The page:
Articular cartilage is a tissue with unique mechanical properties formed by a dense extracellular matrix (ECM) that covers the surface of the bone in mobile joints, mainly composed of different types of collagen, proteoglycans and glycoproteins. Chondrocytes, the only cell type described in articular cartilage, are the cells responsible for synthesizing ECM components, as well as maintaining tissue homeostasis. Taking into account the distribution of chondrocytes within cartilage, until a few years ago it was believed that chondrocytes were found in isolation in gaps inserted in the ECM without any type of cellular interaction or communication between them. However, recent results have shown that chondrocytes present cytoplasmic projections that are capable of crossing the ECM and connecting distant cells1. In line with these results, it has been shown that chondrocytes express several proteins of the connexin family, involved in cellular communication through gap junctions (GJs). In the case of cartilage, chondrocytes are capable of communicating through connexin channels formed mainly by connexin 43 (Cx43)2. Furthermore, through these cytoplasmic projections and gap junctions, chondrocytes are capable of exchanging different metabolites and small molecules such as ATP or RNA in addition to amino acids and proteins1,3. On the other hand, several studies indicate that the overactivity of Cx43 triggers an inflammatory and degenerative process related to joint degradation in patients with OA2. In our research group we have shown that alterations in Cx43 activity trigger changes in the phenotype of chondrocytes accompanied by an increase in the expression levels of interleukin-1β (IL-1β), cyclooxygenase2 (COX-2) and metalloprotease-3 (MMP-3)4 associated with the progress of the disease. The overexpression of Cx43 in a chondrocyte line increases the CD105 and CD166 markers associated with de-differentiated stem cells, as well as the translocation to the nucleus of the Twist-1 transcription factor, which indicates that they could be undergoing a process of epithelium-mesenchyme transition (TEM)4. Lastly, Cx43 overactivity is associated with increased levels of senescence markers such as p53, p16 and ß-galactosidase, as well as activation of NF-κβ accompanied by a senescent phenotype and increased secretion of inflammatory cytokines, known as the secretory senescence-associated phenotype (SASP)4. These results show that alterations in the expression and activity of Cx43 could be playing an essential role in the development and progression of the disease by modulating the phenotype of the adult chondrocyte. In fact, the decrease in Cx43 activity using different compounds improves the regeneration capacity of different tissues and in different models of age-associated diseases5,6, reinforcing the role of this transmembrane protein in tissue degeneration and senescence.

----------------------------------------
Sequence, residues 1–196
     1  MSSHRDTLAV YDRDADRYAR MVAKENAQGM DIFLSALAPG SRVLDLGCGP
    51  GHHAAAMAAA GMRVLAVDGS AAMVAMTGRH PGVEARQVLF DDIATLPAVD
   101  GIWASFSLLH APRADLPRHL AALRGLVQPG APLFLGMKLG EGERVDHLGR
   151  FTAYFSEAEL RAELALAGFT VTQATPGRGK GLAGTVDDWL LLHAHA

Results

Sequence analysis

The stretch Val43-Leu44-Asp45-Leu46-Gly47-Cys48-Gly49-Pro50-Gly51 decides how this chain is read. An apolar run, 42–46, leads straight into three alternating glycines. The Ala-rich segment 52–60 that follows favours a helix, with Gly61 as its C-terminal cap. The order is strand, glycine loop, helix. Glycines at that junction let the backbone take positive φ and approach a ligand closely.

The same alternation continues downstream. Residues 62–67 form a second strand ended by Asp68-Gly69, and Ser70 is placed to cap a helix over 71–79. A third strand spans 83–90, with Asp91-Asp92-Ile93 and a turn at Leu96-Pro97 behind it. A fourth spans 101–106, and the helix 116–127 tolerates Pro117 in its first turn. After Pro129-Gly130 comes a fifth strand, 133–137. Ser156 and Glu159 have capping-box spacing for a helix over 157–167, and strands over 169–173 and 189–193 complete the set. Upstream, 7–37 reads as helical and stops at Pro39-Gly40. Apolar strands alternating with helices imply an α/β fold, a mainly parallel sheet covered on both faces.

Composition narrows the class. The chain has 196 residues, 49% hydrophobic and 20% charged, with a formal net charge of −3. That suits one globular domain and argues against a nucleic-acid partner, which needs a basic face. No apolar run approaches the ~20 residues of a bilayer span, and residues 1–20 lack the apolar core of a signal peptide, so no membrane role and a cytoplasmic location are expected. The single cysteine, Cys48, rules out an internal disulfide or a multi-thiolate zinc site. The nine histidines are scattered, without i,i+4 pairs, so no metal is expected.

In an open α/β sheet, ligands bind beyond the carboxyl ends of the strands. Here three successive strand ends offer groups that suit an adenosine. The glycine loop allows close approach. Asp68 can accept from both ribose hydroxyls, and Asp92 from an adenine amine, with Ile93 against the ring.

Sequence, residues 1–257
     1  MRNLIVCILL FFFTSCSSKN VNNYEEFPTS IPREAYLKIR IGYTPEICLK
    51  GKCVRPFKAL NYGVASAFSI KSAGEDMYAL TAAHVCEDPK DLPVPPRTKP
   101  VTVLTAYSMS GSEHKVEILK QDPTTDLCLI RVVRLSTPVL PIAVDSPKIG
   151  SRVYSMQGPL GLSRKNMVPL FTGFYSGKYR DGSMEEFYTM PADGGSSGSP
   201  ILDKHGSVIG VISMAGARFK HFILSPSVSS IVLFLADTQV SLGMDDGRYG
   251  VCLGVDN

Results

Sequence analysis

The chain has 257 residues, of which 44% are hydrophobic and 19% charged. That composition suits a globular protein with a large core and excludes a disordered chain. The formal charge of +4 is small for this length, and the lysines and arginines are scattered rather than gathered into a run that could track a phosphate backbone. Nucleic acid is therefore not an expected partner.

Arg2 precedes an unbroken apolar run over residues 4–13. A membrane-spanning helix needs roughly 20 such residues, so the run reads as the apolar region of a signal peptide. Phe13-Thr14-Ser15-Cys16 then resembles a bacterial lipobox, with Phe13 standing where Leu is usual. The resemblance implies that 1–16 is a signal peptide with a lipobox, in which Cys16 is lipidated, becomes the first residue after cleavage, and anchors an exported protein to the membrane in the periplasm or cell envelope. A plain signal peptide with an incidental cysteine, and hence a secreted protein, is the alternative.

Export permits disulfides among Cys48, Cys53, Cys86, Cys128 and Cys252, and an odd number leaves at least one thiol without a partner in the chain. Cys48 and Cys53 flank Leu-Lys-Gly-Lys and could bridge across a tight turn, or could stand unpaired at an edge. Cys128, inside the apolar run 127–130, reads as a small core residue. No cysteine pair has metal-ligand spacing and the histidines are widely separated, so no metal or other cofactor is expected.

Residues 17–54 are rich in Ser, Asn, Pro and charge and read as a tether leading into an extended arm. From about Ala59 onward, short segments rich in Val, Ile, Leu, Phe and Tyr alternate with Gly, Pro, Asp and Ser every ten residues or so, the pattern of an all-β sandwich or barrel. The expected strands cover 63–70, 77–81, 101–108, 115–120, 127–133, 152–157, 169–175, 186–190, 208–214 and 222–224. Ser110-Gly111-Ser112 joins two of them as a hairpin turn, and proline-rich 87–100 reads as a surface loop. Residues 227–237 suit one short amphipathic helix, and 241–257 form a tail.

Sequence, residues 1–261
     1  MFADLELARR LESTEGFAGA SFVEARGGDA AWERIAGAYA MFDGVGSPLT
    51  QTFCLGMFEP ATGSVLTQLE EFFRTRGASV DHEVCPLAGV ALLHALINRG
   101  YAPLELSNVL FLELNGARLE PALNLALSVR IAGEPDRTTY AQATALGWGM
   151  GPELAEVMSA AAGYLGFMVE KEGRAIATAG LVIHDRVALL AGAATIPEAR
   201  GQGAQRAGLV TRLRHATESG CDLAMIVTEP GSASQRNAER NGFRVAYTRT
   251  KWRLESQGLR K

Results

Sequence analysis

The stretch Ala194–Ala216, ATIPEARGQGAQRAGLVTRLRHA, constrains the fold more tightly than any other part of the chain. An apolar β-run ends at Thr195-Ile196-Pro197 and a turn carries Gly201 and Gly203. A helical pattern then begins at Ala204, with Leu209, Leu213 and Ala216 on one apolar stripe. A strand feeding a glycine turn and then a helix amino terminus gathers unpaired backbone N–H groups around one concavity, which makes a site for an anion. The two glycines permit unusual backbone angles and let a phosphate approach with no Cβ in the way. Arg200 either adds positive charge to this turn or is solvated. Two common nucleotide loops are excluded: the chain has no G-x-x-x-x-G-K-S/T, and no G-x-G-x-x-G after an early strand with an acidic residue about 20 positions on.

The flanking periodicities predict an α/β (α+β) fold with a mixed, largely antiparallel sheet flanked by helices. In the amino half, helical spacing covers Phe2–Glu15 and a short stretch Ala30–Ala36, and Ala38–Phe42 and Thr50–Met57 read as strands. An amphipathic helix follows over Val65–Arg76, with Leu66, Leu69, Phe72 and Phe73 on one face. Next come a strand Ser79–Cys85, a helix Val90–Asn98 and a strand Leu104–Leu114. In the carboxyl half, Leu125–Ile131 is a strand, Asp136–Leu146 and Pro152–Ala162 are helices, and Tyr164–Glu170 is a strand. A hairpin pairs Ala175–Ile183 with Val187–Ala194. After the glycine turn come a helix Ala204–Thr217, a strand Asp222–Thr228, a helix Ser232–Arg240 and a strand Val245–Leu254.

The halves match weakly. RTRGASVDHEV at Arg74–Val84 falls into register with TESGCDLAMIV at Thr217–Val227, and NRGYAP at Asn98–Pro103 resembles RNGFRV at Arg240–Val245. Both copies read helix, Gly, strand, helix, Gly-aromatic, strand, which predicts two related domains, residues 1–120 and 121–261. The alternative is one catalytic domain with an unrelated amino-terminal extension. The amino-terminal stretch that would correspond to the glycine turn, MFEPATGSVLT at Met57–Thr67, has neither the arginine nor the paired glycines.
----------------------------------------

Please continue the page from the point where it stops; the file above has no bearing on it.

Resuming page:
Figure 1.  Cx43 is involved in the processes of de-differentiation and senescence in chondrocytes associated with in flammatory and degenerative processes in patients with OA. Decreasing Cx43 levels with osteoarthritis modifying drugs (DMARDs) could reverse this process and favor a regenerative environment that would prevent the progression of the disease